HAS-students temporarily back at BrightBox

Lighting test with basil as useful ‘pastime’

Pim Vingerhoets graduated in Applied Biology and proceeded to do a masters degree in Plant Science at the Wageningen University. As part of his masters, he returned to the HAS University of Applied Sciences for an internship at BrightBox in his final year. Seeing as he is starting his new job in 2020, he will fill his time until then with temporary employment at HAS University of Applied Sciences, in which he again did research at BrightBox.

Pim researched 22 varieties of potted basil in combination with four light recipes. “Normally, growers are already using a specific variety”, says Pim, “and it’s up to you to research which lighting recipe fits best with that variety type. For this research, it was the exact opposite: we used the four standard light recipes already available in the demo-cell at BrightBox and applied them to a lot of different varieties to see their reaction to the recipes.

Big differences
As it turns out, there were significant differences between the plants. “We were already expecting this, but now we can actually prove it. You should look at it like a big puzzle made up of varieties and recipes, of which we put each puzzle piece in the right places. We are nowhere near done. Hopefully, the lectureship, in collaboration with the industry, can conduct further tests on certain varieties in the future.” The biggest challenge of the research was harvesting the plants. “There were nearly 9000 plants in total at BrightBox. Seventeen students helped me harvest them as well as separating the leaves from the stems.”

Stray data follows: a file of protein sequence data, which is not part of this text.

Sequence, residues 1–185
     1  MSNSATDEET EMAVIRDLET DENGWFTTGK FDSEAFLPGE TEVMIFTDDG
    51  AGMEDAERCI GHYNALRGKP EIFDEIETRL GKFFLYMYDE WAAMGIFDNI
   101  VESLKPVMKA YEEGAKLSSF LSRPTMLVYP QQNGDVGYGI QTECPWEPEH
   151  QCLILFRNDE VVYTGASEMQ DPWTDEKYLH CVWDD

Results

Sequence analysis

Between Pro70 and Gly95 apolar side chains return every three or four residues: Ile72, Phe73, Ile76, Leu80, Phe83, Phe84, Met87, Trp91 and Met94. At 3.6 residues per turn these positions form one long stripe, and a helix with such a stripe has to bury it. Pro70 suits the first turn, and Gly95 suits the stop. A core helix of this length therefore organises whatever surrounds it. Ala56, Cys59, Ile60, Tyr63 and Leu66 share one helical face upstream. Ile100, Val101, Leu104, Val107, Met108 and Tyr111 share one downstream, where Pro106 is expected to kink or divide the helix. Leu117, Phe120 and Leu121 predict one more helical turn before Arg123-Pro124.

Underappreciated low hanging fruits
“Vertical farming is globally becoming more and more important”, Jasper says in regards to the research. “But for this type of food production systems, no varieties have been developed yet. The varieties that are available are rarely tested under LED-lights. Researchers would rather immediately start turning the light switches, while the choice for the best variety provides great profits relatively quick and simple. The production of the best variety is often twice as much, if not more, then that of the lesser varieties. Under conditioned circumstances, after one round of cultivating – in this case, 28 days – you can just about tell which varieties you should and should not use. Underappreciated low hanging fruits, so to speak.”

Source: HAS University of Applied Science (Dutch)


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